Fenbendazole and/or Ivermectin (that I know of). Joel Salatin uses Shaklee's Basic H. When I got the sheep, the seller said she was worried about the Ramling. She'd tried Ivermectin and would go with Fenben if he didn't start gaining weight. I believe the two dewormers work on different life stages (live worms vs eggs), but do your own research. I just gave them and everyone else in the barn, water with ~a tsp of Basic H3 per 7 gallon bucket for three days. The difference between Basic H & H2 is that the H2 is concentrated a bit whereas the old Basic H is already diluted. (I had to look pretty hard for that info.) People apparently also add it to their coffee in minute amounts as a wetting agent to get more flavor from the grounds. It won't hurt and may help. At any rate, Rambo started gaining weight right away and was very healthy at the time of his demise.

*Is the wool off of the 7 months old ones plentiful and easily sold to people wanting raw wool?

It's my understanding that many sheep owners end up with copious bags of fleece tucked into corners of their barns and no takers. If you want to sell fleece, do some research as to what kind of wool is desirable to hand crafters. If I hadn't wanted dairy production, I'd have gone for "hair sheep," because they shed every year. The meat is supposed to be better as well. You'll still need to trim hooves, but not needing to shear is a big deal, esp for a very small flock and/or a locale where sheep-keeping is rare, where you might not be able to get shearers to come out. I'll be shearing my girls myself.

*and is a seven-wire alternating ground wire, hot wire system effective when it comes to keeping coyotes out or should the wires be on the outside of the pen to zap the coyotes when they approach the enclosure. (Wires on the inside to keep goats in).

We have a self-installed 4' high field fence around our perimeter and haven't seen any coyotes on the property since we put it up. I'm told coyotes can jump that, but we've been fortunate in that ours apparently prefer not to. Deer & elk make free of it though, and last night elk actually knocked down a large, stout wooden post that's been standing for at least as long as we've had the place. With the ground frozen solid, I'm not quite sure what we'll do to mitigate that before spring comes. We had maybe a hundred through here in the last couple of nights, eating down what little grass was left and leaving lots of fertilizer in its place.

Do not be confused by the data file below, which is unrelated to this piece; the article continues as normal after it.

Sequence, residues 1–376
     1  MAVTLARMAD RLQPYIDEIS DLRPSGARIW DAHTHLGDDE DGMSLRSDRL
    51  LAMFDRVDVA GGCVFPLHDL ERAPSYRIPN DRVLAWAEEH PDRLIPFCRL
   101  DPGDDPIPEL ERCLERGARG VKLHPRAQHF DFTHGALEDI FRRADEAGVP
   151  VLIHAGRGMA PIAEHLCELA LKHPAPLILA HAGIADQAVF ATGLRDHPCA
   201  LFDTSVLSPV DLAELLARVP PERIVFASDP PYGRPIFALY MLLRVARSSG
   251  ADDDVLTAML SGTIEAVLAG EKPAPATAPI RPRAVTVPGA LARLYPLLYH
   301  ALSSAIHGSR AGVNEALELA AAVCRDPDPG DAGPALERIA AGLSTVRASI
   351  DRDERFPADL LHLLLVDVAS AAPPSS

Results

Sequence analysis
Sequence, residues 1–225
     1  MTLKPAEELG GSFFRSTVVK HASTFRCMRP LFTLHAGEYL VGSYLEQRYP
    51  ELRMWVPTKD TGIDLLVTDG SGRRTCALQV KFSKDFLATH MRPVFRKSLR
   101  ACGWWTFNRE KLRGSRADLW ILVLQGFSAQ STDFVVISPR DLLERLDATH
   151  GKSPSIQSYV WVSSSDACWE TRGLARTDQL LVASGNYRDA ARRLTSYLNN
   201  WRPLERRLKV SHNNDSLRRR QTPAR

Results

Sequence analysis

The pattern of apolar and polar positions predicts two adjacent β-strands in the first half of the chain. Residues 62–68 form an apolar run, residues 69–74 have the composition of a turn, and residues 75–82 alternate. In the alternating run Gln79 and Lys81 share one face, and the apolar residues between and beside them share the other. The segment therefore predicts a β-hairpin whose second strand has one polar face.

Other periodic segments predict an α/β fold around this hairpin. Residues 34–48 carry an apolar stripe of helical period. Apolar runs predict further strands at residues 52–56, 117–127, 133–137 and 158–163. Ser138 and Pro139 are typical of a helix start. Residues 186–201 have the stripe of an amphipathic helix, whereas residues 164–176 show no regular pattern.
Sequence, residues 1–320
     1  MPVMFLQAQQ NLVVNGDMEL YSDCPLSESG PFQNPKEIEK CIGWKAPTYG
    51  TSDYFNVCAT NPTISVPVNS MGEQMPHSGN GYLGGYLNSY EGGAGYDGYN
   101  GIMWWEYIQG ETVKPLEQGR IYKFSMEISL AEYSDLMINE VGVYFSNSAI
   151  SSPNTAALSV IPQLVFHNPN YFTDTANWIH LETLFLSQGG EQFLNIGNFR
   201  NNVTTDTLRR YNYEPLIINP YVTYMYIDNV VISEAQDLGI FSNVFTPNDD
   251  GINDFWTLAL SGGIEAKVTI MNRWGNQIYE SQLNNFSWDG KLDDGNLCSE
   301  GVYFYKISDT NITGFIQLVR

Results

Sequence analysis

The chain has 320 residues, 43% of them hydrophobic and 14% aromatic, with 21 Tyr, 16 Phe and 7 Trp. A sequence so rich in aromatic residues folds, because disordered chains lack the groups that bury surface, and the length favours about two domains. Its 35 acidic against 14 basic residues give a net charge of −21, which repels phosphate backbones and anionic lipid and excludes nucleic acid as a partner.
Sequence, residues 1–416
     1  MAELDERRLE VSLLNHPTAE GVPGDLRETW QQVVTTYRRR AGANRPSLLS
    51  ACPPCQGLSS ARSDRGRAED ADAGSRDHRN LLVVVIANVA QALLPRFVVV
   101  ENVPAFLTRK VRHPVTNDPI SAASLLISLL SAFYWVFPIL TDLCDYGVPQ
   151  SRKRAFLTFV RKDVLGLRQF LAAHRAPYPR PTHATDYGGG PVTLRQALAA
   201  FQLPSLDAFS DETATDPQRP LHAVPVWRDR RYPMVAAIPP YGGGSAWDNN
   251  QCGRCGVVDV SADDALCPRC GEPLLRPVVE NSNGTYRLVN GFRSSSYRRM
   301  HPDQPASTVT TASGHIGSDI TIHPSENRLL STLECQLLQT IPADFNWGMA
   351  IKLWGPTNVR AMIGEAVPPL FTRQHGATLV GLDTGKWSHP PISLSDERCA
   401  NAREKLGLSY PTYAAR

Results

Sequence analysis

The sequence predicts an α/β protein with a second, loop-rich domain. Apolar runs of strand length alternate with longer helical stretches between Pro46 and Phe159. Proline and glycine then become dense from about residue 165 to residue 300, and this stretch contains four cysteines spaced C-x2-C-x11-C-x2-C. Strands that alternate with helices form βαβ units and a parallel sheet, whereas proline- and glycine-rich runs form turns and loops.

I think your fencing plan sounds amazing, though. Our place is too bumpy for that to work very well. Plus grass & weeds grow up into the perimeter and would short out wires closer to the ground. I'd have to keep it clear with a trimmer because it's too rocky and irregular for any other means. Some ranchers around here top off a plain barbed wire fence with one hot wire, but regulations vary as to what you can do.

For me, just the field fence keeps my two ladies plus the eweling in, no problems, and everyone sleeps secure in the barn. The worst we get are owls, raptors, a weasel 😨 (caught in a live trap INSIDE the chicken yard. 🤷‍♀️ That was one WICKED looking critter!) and a never-ending supply of skunks. Plus the odd bobcat or mountain lion on rare occasions.
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Good to know. People around here do say eweling/ramling. It's awkward to say, so I'm gonna stop now. 😂

I'm sorry, but somebody has to say something...

There are ewe lambs and ram lambs, not ramlings and ewelings.

In goats, however, there are bucklings and doelings.

I know, it's crazy, but that's just the way it is.